Bureau of Standards Jamaica
To encourage transparency and avoid any barriers to trade, before any WTO member decides to establish new requirements, they must notify the other WTO members, via the WTO Secretariat, of their intention to do so. Ultimately, it is enterprises which benefit from international trade. Therefore, Jamaican businesses should have an interest protecting their interests and making themselves heard by utilizing the notification system established by the TBT agreement.
WTO/TBT notifications are available on the Technical Barriers to Trade Information Management System (TBT IMS), a publicly available database of transparency information in relation to technical regulations, conformity assessment procedures and standards maintained by the WTO Secretariat. The portal enables searches by product code, date or notifying member, making it very easy to filter the notifications most relevant to specific manufacturers and exporters.
A National Enquiry Point search and listing is also available on the portal. 21,000 notifications have been published to date on the portal. Another useful tool is the EU-TBT Database. The EU-TBT Database utilizes the TBT IMS as its information source. This database provides an automatic alert system that enables subscribers to receive new TBT notifications by email in a particular area or areas.
In addition the tool provides Activity Report and Interactive Statistics. The EU-TBT Database is an effective tool for staying informed on the latest, relevant notifications with actively pursuing the information required.
G/TBT/N/J/53 - International Property Maintenance Code
G/TBT/N/EU/374 – Health Claims Made on Food
This draft Commission Regulation concerns the refusal of authorization of one health claim made on foods and referring to the reduction of disease risk. European Union Deadline: June 27, 2016
Jamaica TBT notifications are published in the Jamaica Gazette and on the WTO-TBT Management System. Full text for national or international TBT notifications can be obtained from the Bureau of Standards Jamaica by completing the request form available here.The most recent notification issued is G/TBT/N/J/53 - International Property Maintenance Code (to the left). For more information on WTO/TBT notifications, including where to access the full listing of international TBT notifications and how to receive product-specific notifications please see here.
It is important for businesses to have a voice in the development of standards that impact their businesses, not only in Jamaica, but in international markets as well. To that end, businesses should monitor for relevant notifications via the tools above, request full texts where necessary and provide comments. A brief outline of the notification procedure is provided below.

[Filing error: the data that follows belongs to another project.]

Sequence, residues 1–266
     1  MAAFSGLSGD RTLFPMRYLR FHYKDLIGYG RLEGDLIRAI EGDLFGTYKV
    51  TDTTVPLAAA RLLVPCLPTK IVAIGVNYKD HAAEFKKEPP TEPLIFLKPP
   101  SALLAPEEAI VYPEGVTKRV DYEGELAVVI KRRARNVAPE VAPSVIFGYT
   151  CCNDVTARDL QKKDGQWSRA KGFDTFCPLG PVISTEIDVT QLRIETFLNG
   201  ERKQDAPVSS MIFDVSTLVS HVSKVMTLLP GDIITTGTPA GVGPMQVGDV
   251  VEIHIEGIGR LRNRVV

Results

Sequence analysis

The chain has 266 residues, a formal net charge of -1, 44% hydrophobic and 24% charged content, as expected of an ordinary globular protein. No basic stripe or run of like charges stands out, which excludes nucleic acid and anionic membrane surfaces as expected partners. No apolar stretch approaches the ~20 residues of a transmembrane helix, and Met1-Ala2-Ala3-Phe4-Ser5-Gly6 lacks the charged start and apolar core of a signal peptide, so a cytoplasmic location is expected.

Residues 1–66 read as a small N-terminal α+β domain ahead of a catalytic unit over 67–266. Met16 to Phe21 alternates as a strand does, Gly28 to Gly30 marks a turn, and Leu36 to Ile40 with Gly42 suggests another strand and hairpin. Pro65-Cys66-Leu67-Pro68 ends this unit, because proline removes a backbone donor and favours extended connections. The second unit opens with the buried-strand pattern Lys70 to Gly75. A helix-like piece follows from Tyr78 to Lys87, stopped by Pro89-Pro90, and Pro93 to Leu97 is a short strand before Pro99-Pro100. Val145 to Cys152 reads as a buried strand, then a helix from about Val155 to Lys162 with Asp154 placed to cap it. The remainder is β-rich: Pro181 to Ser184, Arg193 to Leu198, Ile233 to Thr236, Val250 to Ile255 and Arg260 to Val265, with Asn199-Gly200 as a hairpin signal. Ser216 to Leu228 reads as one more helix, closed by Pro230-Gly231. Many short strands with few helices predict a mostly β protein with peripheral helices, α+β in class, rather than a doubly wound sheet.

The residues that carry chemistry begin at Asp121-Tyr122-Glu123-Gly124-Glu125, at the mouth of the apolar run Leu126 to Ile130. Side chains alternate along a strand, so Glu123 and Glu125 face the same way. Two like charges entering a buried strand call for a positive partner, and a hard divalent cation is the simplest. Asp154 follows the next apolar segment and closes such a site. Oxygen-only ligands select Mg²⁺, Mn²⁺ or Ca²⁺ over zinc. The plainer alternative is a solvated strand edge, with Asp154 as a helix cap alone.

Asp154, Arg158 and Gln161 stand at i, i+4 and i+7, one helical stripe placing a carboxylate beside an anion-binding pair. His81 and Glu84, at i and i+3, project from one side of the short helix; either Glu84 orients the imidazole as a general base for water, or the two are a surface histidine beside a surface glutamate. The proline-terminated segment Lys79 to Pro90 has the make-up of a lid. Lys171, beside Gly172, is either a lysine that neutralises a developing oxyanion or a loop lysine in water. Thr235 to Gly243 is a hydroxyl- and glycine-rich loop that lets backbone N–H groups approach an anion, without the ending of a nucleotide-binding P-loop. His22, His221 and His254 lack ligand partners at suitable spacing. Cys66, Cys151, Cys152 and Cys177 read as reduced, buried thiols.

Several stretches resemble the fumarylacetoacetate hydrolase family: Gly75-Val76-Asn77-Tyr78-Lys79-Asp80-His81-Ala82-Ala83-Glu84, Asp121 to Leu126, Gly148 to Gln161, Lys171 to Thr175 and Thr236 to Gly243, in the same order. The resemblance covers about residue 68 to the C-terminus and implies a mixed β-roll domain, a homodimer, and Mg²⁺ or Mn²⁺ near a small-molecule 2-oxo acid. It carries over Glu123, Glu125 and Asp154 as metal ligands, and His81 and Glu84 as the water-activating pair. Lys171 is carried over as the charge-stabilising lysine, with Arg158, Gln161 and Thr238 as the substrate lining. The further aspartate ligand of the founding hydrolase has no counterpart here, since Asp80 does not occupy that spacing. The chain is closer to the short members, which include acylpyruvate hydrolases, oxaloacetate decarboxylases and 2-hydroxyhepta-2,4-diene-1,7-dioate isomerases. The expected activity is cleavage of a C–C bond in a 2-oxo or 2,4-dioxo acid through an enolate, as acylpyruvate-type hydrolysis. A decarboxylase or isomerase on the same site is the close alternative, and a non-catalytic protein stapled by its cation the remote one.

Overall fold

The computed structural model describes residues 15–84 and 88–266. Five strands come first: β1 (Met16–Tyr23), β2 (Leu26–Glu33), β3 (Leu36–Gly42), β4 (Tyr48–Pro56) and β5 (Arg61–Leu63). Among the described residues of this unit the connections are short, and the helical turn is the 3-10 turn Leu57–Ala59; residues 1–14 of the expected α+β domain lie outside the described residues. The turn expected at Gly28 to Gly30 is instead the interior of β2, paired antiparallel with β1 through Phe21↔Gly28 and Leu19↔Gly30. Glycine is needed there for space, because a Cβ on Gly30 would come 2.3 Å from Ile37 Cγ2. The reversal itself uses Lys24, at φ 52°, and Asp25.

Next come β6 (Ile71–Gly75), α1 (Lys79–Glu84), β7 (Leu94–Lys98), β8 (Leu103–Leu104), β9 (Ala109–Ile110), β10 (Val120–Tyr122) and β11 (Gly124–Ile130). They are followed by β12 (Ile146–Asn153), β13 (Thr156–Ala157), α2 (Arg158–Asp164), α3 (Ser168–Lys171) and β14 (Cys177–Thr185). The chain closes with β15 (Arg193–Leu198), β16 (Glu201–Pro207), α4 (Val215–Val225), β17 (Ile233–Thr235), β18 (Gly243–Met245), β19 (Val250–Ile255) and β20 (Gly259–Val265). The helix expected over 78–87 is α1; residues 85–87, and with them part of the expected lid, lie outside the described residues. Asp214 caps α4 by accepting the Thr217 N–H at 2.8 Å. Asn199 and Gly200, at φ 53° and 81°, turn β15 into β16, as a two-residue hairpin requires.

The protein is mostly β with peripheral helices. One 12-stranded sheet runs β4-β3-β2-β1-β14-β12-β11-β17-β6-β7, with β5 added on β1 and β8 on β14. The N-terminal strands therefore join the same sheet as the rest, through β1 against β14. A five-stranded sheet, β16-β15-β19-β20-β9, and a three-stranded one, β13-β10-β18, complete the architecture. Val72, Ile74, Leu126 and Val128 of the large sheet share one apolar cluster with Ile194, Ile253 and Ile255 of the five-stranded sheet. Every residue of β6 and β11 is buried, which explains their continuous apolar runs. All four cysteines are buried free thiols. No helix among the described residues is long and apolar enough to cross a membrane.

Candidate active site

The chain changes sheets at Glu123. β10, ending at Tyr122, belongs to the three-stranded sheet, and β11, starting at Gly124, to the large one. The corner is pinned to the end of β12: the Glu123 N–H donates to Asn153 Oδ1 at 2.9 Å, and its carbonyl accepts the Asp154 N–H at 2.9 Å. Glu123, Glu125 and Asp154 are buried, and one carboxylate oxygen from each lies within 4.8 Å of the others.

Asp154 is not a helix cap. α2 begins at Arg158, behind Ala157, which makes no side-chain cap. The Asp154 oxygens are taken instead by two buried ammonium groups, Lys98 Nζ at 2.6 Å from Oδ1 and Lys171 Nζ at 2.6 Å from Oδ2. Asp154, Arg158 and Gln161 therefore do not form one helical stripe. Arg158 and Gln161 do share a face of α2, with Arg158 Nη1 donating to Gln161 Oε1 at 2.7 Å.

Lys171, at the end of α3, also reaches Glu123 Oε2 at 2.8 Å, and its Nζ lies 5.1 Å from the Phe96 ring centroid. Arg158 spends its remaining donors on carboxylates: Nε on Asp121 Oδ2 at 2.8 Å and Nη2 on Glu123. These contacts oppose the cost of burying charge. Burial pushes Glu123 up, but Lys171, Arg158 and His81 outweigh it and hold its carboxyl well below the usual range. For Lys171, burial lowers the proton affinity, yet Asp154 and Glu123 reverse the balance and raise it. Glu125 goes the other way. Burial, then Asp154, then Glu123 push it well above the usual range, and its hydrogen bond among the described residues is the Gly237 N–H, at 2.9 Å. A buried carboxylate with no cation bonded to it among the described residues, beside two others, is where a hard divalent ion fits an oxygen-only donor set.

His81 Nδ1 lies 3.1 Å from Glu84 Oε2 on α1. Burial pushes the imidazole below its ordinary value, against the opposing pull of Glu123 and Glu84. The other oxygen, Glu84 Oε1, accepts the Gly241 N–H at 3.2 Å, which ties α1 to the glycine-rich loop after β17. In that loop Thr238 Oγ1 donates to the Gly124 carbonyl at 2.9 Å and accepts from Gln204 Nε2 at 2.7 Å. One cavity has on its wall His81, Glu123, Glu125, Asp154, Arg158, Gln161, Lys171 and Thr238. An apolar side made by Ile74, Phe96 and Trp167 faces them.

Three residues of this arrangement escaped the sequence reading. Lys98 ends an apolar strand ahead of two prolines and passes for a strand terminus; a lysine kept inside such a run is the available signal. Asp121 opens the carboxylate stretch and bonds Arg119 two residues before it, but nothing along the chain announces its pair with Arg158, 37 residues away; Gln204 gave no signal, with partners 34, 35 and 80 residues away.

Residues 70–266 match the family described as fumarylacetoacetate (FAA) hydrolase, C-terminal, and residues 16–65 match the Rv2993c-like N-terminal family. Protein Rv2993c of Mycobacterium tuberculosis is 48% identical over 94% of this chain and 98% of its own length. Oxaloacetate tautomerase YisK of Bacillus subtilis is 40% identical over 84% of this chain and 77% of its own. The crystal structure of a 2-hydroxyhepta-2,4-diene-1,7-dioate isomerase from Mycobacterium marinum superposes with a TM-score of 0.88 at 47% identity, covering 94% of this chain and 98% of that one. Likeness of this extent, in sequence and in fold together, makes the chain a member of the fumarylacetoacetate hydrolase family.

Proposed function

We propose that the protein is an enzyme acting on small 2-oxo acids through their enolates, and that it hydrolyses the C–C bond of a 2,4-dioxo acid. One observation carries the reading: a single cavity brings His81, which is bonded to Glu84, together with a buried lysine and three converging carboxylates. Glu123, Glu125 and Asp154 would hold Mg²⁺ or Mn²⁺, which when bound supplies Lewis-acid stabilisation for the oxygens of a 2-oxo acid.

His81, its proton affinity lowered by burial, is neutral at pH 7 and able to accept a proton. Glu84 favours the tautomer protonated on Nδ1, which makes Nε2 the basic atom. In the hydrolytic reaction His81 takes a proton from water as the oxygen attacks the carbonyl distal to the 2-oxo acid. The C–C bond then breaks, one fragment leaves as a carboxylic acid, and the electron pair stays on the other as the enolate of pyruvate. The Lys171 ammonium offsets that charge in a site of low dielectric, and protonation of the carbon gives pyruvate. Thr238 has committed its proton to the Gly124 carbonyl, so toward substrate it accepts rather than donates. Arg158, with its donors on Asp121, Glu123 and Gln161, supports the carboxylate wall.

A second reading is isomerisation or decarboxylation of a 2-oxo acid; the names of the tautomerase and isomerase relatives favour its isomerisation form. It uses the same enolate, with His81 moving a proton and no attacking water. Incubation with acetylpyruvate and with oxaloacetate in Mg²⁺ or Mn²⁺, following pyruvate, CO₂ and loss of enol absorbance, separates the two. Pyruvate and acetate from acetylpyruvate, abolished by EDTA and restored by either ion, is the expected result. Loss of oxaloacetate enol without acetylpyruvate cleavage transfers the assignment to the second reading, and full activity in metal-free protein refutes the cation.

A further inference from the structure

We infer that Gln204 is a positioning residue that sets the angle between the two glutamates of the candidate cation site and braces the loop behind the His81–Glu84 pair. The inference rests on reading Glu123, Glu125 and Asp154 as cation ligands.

Before any WTO member decides to establish new requirements, they must notify the other WTO members, via the WTO Secretariat, of their intention to do so.
WTO Secretariat shares notification with members via TBT Information Management System.
WTO members are given a minimum 60 days to review proposed requirements and provide comments.
If a company believes that the proposed measure is in breach of one of the provisions of the TBT Agreement, they should forward their concerns to the BSJ.
BSJ reviews comments and if concerns are shared, send comments to the NEP of the WTO member originally submitting the notification.
Notifying member will consider the comments received and ideally hold discussions with the BSJ.
The notifying member may decide to change the content of the measure, postpone its entry into force or even withdraw the measure
Once the notified measures have been adopted, WTO Members shall ensure that the requirements are made readily available.
Do the requirements comply with international standards? Are the requirements trade restrictive - i.e. stricter than the international standards or stricter than necessary to meet the legitimate objectives of the protection of human health or safety, protection of animal or plant life or health, protection of the environment or the prevention of deception practices? Are the requirements scientifically justified?